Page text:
MND sufferer's distress

AFTER receiving the devastating news she has motor neurone disease, a Caister mum was dismayed to discover she will not receive specialist nursing care.

AFTER receiving the devastating news she has motor neurone disease, a Caister mum was dismayed to discover she will not receive specialist nursing care.

Ann Franklin, 48, was told she had the degenerative disease which attacks the nerves in the brain and spine last month.

Coming to terms with the traumatic prospect of losing her mobility has been made worse by the fact there is no dedicated nursing for sufferers at the James Paget University Hospital.

There are three neurology nurses at the Norfolk and Norwich University Hospital, but patients from the Yarmouth and Waveney NHS Trust do not have access to them.

Now Ann, who has an eight year old son Max, is writing to health secretary Alan Johnson and NHS bosses in a bid to reverse the situation.

She said: “It is totally unfair that just because I live here I have no access to nurses and need help to cope with the emotional impact.

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“When told something so devastating your first thought is how am I going to deal with this? I feel isolated and alone. It has been even more difficult to cope with as my dad died the same week as my diagnosis.

“Family and friends have given me a lot of support but it must be a shock for them, it is something they are struggling to cope with too. I have got a physiotherapist and occupational therapist and what they do is fantastic, but they do not have the specialist knowledge of my condition.

“I was told there is a community nurse funded by the Multiple Sclerosis and Parkinson Disease Societies but she is not able to see people with MND.”

Student counsellor Ann has suffered from difficulty walking for the last three years and now faces the prospect of eventually being confined to a wheelchair.

It was finally confirmed she had a rare 'slow burn' form of the disease, primary lateral sclerosis, last month that causes crippling weakness in the leg, but does not reduce the life span of sufferers.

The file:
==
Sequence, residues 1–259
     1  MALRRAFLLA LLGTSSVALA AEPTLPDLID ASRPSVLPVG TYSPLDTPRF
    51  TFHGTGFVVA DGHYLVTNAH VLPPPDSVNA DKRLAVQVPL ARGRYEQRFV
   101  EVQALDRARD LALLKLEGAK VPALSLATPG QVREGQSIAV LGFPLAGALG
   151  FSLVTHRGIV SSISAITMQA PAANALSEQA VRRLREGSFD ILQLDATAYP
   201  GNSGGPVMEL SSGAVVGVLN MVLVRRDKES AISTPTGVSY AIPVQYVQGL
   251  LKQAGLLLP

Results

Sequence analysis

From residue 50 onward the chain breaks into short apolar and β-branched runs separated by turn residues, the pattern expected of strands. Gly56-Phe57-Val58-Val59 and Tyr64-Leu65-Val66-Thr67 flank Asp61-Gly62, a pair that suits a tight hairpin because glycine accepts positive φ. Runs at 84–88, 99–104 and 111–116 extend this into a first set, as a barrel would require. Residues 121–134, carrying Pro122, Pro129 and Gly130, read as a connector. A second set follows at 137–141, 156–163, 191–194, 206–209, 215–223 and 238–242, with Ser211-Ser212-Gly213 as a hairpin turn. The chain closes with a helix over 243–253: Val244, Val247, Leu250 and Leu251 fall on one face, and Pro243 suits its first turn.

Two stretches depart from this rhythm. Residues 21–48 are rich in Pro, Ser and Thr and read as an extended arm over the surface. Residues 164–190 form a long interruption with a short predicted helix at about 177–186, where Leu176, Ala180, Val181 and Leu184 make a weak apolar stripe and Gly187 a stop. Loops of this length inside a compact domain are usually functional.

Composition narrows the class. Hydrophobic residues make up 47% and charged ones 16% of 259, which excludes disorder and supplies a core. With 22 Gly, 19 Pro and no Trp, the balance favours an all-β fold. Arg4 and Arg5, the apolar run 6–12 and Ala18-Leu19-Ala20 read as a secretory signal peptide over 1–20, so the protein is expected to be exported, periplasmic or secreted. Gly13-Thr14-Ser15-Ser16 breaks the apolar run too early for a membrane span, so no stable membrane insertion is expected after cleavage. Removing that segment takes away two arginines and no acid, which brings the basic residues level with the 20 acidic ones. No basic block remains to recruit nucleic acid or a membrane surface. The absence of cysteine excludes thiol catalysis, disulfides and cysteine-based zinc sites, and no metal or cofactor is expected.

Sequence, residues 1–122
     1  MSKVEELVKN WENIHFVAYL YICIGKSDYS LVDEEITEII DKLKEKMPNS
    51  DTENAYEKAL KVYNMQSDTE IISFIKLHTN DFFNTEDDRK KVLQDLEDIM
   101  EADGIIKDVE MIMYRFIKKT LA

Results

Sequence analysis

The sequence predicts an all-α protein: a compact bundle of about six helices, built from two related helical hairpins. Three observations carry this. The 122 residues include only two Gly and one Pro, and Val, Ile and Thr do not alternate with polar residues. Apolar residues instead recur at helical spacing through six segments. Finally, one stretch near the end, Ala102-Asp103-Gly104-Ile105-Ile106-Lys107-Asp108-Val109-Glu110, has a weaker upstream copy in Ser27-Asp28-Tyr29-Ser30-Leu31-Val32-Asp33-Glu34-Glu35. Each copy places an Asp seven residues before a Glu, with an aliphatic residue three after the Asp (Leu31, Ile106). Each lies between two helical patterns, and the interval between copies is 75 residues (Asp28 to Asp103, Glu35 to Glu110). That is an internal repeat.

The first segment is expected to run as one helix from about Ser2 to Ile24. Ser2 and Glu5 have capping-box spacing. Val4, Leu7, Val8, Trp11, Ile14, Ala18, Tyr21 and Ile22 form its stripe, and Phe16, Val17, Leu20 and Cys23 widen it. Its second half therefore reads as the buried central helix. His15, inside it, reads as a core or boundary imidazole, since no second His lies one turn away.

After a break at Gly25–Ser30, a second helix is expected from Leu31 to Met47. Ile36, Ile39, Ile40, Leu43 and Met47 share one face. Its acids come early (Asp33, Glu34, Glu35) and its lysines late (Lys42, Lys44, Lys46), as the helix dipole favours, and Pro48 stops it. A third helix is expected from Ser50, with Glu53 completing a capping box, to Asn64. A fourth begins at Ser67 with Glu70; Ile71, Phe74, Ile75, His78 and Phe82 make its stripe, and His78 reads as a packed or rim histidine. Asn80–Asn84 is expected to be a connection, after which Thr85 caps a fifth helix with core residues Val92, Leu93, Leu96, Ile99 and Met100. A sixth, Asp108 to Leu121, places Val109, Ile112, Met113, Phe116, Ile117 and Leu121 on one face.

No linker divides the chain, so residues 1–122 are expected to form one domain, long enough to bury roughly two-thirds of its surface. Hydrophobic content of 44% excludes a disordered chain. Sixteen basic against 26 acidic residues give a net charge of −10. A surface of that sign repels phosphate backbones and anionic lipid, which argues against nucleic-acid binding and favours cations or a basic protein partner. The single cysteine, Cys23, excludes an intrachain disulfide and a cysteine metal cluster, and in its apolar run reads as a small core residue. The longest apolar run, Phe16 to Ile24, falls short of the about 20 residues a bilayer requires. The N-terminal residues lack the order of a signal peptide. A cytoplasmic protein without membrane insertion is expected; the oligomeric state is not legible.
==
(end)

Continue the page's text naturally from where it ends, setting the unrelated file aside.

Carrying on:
Previously a keen skier and walker, Ann now cannot kick a ball about with Max and is coming to terms with eventually losing her mobility.

She said: “I have explained to Max I have a problem with my legs, how do you tell your child about something like this.

“I first noticed there was something wrong when I jumped off a ride at a funfair and fell on the floor, my legs could not take the weight.

“I had trouble walking for the last three years and in my heart of hearts knew there was something wrong. Before I never thought it was something that could happen to me - how do you cope with going from being able bodied to losing your mobility.

“Now I look at people in wheelchairs and think that what they going through I will be experiencing too.”

A spokesman for NHS Great Yarmouth and Waveney said: "We currently offer help and support to people with motor neurone disease through GPs and our district nursing, occupational therapy, physiotherapy and palliative care teams.

“One of the key priorities in our strategic plan for the next five years is to make sure that everyone with a long-term condition has easy access to high quality services and individual support. As such, we are currently looking at the possibility of commissioning specialist nursing posts as part of our work to develop new care pathways and improve the services we offer.”

�Motor Neurone disease (MND) is a neurological disease which can affect any adult usually over 50.

�There are four types of MND and those with the more common form ALS have an average life expectancy of two to five years.

�It affects the Motor Neurones which are the nerve cells which control muscles.

�As the nerves die the sufferer becomes increasingly disabled unable to walk and in some cases speak or breathe unaided.

�The cause of MND is unknown and there is no known cure although physiotherapy and medication does help.

�MND affects 5,000 people in the UK at any one time -1,600 people die each year.

�Sufferers included actor David Niven and football manager Don Revie. Professor Stephen Hawking is the longest known survivor of MND.